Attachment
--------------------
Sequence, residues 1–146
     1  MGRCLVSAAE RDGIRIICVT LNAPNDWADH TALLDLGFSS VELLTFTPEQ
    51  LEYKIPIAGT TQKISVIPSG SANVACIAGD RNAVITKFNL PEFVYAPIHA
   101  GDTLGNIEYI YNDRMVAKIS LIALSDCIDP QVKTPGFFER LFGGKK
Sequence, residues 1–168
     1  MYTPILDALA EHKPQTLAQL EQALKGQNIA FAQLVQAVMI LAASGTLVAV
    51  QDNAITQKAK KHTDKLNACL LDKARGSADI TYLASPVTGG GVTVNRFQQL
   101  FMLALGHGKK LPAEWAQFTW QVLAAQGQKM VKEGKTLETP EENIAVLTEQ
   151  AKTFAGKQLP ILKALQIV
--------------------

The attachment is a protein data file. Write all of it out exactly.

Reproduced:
Sequence, residues 1–146
     1  MGRCLVSAAE RDGIRIICVT LNAPNDWADH TALLDLGFSS VELLTFTPEQ
    51  LEYKIPIAGT TQKISVIPSG SANVACIAGD RNAVITKFNL PEFVYAPIHA
   101  GDTLGNIEYI YNDRMVAKIS LIALSDCIDP QVKTPGFFER LFGGKK
Sequence, residues 1–168
     1  MYTPILDALA EHKPQTLAQL EQALKGQNIA FAQLVQAVMI LAASGTLVAV
    51  QDNAITQKAK KHTDKLNACL LDKARGSADI TYLASPVTGG GVTVNRFQQL
   101  FMLALGHGKK LPAEWAQFTW QVLAAQGQKM VKEGKTLETP EENIAVLTEQ
   151  AKTFAGKQLP ILKALQIV